I had not thought of Jesus for many years. I was too busy, tending my flocks, which were ten times as large as my father's had been. I was in town today to buy more. People rushed to Jerusalem for the festival, but there were other businessmen like me, any day would do for a deal. I had letters with me, and money. Holding my satchel firmly, I walked towards the city. I had to pass the turn up the hill towards the gibbets; I could see by the crowd that there would be some killings today.
Had I kept my eyes lowered I would have made it. But I looked up. And I saw in the midst of the crowd, a poor wretch carrying with him, almost crawling under it, his cross. Who was it needed his own personal cross? I bent. I stared at him. He looked at me.
"What is his name?"
This was Jesus, who had settled in Nazareth? This was that baby? I inched my way up the hill. You were supposed to be a prince!
My kingdom is not of this world. Who said that? Pushing through the crowd I noticed my hands were free. The satchel was gone but I did not care.
Have you forgotten the night I first saw you?
Have you remembered?
Whose voice was that? Then other voices came back to me. Words. All the words. Glory to God in Heaven. And on earth.... Peace.... to men.
And other words, my mother's voice. Like a lamb to slaughter they will lead him. And I looked at those eyes and thought of my lambs, my sheep, the yearlings I sold to be offered in the temple; their look as they were trussed and carried away. But Jesus. His eyes are different. I try to see more clearly. He falls. Is kicked up. The way is steeper and he looks down at where he places his feet.
I had seen those eyes in my ewes. Long ago, when I tended them myself. Lambing time. In their birthing pangs, in their suffering acceptance of the present misery, there was also hope, trust. This is what they had worked for and through their pain they would triumph. And the result? New life.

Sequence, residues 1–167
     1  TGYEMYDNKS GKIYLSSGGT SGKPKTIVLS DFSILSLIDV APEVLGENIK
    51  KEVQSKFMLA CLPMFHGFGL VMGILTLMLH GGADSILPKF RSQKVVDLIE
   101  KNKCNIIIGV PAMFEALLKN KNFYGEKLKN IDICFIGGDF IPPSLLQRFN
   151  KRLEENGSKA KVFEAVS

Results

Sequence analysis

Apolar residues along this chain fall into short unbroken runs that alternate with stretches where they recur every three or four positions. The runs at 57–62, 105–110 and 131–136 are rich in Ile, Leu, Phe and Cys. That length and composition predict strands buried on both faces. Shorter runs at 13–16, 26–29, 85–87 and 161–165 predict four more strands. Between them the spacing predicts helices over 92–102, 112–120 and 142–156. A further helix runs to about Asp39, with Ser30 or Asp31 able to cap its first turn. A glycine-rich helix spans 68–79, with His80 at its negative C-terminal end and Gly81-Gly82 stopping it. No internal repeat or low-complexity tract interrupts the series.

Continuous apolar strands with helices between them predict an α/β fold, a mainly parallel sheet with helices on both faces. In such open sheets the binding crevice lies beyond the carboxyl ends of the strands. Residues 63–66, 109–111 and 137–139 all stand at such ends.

The road curved. I would not see him close again. I slipped. He turned his face. I crouched, looking at him.
This is why I was born.
And he was gone, the crowd between him and me. I walked slowly, on to
Jerusalem. There was trouble in Jerusalem, but I had hope in my heart.
I. The partridge will be retained, but the pear tree, which never produced
the cash crop forecasted, will be replaced by a plastic hanging plant,
providing considerable savings in maintenance;
Overall we can expect a substantial reduction in assorted people, fowl, animals and related expenses. Though incomplete, studies indicate that stretching deliveries over twelve days is inefficient. If we can drop ship in one day, service levels will be improved.
Regarding the lawsuit filed by the attorney's association seeking expansion to include the legal profession ("thirteen lawyers-a-suing"), a decision is pending.
Deeper cuts may be necessary in the future to remain competitive. Should that happen, the Board will request management to scrutinize the Snow White Division to see if seven dwarfs is the right number.